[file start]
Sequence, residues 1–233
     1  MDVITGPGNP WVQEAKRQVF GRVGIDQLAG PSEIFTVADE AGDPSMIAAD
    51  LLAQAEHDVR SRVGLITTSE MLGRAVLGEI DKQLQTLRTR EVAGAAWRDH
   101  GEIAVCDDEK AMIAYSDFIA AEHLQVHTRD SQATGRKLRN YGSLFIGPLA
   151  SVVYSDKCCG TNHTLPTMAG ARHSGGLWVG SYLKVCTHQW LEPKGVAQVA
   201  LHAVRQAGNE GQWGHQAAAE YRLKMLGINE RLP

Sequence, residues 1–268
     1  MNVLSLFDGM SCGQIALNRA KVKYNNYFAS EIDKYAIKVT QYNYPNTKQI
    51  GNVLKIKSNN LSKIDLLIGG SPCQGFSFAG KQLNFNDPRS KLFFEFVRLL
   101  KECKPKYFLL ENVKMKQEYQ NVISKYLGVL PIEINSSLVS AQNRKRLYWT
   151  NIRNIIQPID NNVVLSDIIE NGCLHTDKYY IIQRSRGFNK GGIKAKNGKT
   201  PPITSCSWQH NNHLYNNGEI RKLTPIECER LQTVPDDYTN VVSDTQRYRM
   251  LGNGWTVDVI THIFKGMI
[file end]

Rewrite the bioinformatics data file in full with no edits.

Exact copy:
Sequence, residues 1–233
     1  MDVITGPGNP WVQEAKRQVF GRVGIDQLAG PSEIFTVADE AGDPSMIAAD
    51  LLAQAEHDVR SRVGLITTSE MLGRAVLGEI DKQLQTLRTR EVAGAAWRDH
   101  GEIAVCDDEK AMIAYSDFIA AEHLQVHTRD SQATGRKLRN YGSLFIGPLA
   151  SVVYSDKCCG TNHTLPTMAG ARHSGGLWVG SYLKVCTHQW LEPKGVAQVA
   201  LHAVRQAGNE GQWGHQAAAE YRLKMLGINE RLP

Sequence, residues 1–268
     1  MNVLSLFDGM SCGQIALNRA KVKYNNYFAS EIDKYAIKVT QYNYPNTKQI
    51  GNVLKIKSNN LSKIDLLIGG SPCQGFSFAG KQLNFNDPRS KLFFEFVRLL
   101  KECKPKYFLL ENVKMKQEYQ NVISKYLGVL PIEINSSLVS AQNRKRLYWT
   151  NIRNIIQPID NNVVLSDIIE NGCLHTDKYY IIQRSRGFNK GGIKAKNGKT
   201  PPITSCSWQH NNHLYNNGEI RKLTPIECER LQTVPDDYTN VVSDTQRYRM
   251  LGNGWTVDVI THIFKGMI